I decided to do a test run, to see if bulk cooking was something I felt I could keep up with if this got off the ground.I planned my menu, did a shop, then got cooking.
The three entrees I decided on were veggie lasagna roll-ups, meatloaf patties (to make it easy to freeze individual portions), and two kinds of pot pies (tofu and chicken). I picked these three things at random, mostly because I thought they would freeze well.
The cooking wasn't too bad. The hard part was having three different meals going at once.
Once I got into a rhythm, it wasn't too bad. After the first entree was finished and packaged the rest seemed to go quicker.
|Lasagna rolls separated with wax paper, ready for the freezer.|
All-in-all, it took me about three hours to do all the preparation, plus the cooking and packaging.
|It felt good seeing all these meals ready for the freezer|
Unfortunately, the idea of a monthly meal swap group didn't really take off. My social circle isn't that big and not enough people were interested, but I am still cooking a few extra meals for the freezer each weekend. I love not having to worry about dinner during the week, and I'm having fun planning multiple meals around a theme ingredient. Last week it was chorizo, this week it will be fennel.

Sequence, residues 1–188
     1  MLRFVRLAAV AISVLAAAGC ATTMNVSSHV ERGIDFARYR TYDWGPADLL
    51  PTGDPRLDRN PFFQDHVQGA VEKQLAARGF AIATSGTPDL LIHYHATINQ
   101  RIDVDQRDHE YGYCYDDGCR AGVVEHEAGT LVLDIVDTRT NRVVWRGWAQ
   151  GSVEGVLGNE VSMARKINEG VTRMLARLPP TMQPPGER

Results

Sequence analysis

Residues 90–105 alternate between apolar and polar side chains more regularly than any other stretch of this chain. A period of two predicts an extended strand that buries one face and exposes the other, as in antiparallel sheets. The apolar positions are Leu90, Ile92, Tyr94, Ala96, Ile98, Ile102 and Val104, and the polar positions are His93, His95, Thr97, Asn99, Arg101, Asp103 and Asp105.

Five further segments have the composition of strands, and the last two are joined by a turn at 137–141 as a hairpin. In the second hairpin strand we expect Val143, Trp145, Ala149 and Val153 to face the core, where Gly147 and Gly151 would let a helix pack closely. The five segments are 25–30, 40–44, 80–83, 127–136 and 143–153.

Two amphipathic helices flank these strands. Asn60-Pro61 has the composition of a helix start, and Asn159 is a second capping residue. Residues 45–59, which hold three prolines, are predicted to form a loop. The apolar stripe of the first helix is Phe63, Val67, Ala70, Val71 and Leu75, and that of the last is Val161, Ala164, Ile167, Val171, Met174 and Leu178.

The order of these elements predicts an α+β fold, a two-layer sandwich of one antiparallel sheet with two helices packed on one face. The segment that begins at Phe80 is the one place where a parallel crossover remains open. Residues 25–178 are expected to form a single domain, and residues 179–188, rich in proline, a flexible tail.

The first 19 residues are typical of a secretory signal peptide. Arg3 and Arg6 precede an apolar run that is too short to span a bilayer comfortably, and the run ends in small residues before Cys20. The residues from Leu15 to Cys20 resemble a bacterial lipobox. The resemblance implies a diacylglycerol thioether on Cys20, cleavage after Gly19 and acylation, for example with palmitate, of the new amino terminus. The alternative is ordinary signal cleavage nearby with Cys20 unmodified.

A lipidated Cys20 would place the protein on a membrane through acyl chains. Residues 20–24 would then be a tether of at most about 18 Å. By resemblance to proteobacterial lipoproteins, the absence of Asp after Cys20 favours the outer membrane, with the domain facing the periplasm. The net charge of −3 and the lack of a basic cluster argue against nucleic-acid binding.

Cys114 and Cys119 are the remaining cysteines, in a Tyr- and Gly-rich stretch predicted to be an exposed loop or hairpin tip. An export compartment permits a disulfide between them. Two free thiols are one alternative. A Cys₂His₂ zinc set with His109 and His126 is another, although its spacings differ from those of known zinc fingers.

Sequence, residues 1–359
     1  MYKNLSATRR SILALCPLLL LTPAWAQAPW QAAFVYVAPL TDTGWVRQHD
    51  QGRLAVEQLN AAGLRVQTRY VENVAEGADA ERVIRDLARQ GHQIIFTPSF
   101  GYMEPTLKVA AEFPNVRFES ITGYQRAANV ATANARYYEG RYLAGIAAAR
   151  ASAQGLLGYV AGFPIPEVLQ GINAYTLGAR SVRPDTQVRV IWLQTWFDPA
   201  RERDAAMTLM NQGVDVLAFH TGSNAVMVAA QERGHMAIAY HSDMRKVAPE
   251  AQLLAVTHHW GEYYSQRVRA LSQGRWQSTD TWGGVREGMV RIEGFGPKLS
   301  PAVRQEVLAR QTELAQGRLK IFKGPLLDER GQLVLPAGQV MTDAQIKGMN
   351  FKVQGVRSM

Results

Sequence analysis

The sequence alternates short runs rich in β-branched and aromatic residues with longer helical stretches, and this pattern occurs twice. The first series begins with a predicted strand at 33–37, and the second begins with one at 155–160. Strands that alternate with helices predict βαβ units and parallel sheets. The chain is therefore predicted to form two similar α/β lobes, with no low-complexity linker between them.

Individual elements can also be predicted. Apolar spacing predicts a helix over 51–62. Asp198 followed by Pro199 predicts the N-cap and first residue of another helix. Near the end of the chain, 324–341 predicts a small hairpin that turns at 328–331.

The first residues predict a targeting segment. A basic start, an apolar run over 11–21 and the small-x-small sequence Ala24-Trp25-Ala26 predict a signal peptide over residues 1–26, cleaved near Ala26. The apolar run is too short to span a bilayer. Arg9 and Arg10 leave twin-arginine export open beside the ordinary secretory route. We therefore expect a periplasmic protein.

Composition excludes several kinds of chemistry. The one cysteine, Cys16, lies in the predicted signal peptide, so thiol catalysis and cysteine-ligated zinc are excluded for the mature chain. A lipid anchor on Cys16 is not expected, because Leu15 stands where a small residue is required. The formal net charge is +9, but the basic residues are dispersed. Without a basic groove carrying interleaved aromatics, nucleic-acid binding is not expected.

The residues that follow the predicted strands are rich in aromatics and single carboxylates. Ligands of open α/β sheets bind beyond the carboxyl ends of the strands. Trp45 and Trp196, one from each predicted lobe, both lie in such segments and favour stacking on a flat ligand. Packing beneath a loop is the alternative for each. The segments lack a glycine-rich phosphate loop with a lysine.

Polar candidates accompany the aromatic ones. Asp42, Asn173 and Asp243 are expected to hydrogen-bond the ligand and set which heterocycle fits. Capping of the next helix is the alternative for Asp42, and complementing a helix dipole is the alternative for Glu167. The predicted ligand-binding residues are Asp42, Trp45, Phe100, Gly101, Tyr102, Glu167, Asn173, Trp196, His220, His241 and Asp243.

Whether cooking to swap or just for us, planning meals in advance saves money. Cooking over the weekend gives me time to try new recipes I wouldn't attempt on a work night. But there was one reason, in particular, why I've kept it up, something I discovered in the days after that first test run: Because I wasn't spending so much time on week nights preparing dinner, I had more time to linger over each meal with Big Brother. And that, my friends, is priceless.
If you need a reminder once in awhile to slow down and pace yourself read taking it slow in the slow lane.